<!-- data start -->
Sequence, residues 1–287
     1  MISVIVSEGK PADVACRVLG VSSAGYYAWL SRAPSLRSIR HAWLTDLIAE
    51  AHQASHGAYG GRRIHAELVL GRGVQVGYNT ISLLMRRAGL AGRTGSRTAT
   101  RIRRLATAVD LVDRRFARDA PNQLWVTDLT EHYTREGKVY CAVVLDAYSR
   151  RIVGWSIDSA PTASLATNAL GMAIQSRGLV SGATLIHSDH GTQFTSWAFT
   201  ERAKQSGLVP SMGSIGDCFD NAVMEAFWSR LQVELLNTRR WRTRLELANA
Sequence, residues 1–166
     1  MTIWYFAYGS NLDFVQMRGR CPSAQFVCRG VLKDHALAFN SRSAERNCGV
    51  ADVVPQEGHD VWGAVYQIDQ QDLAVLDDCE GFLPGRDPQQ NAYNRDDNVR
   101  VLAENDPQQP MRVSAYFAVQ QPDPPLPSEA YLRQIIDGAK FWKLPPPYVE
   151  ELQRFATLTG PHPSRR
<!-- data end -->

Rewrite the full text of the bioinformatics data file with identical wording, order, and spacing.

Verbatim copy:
Sequence, residues 1–287
     1  MISVIVSEGK PADVACRVLG VSSAGYYAWL SRAPSLRSIR HAWLTDLIAE
    51  AHQASHGAYG GRRIHAELVL GRGVQVGYNT ISLLMRRAGL AGRTGSRTAT
   101  RIRRLATAVD LVDRRFARDA PNQLWVTDLT EHYTREGKVY CAVVLDAYSR
   151  RIVGWSIDSA PTASLATNAL GMAIQSRGLV SGATLIHSDH GTQFTSWAFT
   201  ERAKQSGLVP SMGSIGDCFD NAVMEAFWSR LQVELLNTRR WRTRLELANA
Sequence, residues 1–166
     1  MTIWYFAYGS NLDFVQMRGR CPSAQFVCRG VLKDHALAFN SRSAERNCGV
    51  ADVVPQEGHD VWGAVYQIDQ QDLAVLDDCE GFLPGRDPQQ NAYNRDDNVR
   101  VLAENDPQQP MRVSAYFAVQ QPDPPLPSEA YLRQIIDGAK FWKLPPPYVE
   151  ELQRFATLTG PHPSRR